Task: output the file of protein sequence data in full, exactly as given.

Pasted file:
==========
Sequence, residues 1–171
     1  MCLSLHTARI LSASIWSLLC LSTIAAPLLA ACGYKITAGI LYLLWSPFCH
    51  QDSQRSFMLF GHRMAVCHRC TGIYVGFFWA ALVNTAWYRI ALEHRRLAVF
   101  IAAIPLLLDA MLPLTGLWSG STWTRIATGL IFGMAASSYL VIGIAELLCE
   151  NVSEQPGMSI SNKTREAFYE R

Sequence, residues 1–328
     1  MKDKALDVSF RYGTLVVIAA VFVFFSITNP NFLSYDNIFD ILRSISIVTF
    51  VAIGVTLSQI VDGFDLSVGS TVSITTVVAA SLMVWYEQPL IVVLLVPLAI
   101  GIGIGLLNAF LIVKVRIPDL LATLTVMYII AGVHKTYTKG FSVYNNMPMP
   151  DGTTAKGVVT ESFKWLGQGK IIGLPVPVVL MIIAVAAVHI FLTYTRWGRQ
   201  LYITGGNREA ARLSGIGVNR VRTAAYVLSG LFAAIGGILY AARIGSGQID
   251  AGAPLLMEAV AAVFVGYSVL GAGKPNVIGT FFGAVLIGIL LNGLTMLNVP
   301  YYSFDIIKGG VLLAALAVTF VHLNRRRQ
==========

Sequence, residues 1–171
     1  MCLSLHTARI LSASIWSLLC LSTIAAPLLA ACGYKITAGI LYLLWSPFCH
    51  QDSQRSFMLF GHRMAVCHRC TGIYVGFFWA ALVNTAWYRI ALEHRRLAVF
   101  IAAIPLLLDA MLPLTGLWSG STWTRIATGL IFGMAASSYL VIGIAELLCE
   151  NVSEQPGMSI SNKTREAFYE R

Sequence, residues 1–328
     1  MKDKALDVSF RYGTLVVIAA VFVFFSITNP NFLSYDNIFD ILRSISIVTF
    51  VAIGVTLSQI VDGFDLSVGS TVSITTVVAA SLMVWYEQPL IVVLLVPLAI
   101  GIGIGLLNAF LIVKVRIPDL LATLTVMYII AGVHKTYTKG FSVYNNMPMP
   151  DGTTAKGVVT ESFKWLGQGK IIGLPVPVVL MIIAVAAVHI FLTYTRWGRQ
   201  LYITGGNREA ARLSGIGVNR VRTAAYVLSG LFAAIGGILY AARIGSGQID
   251  AGAPLLMEAV AAVFVGYSVL GAGKPNVIGT FFGAVLIGIL LNGLTMLNVP
   301  YYSFDIIKGG VLLAALAVTF VHLNRRRQ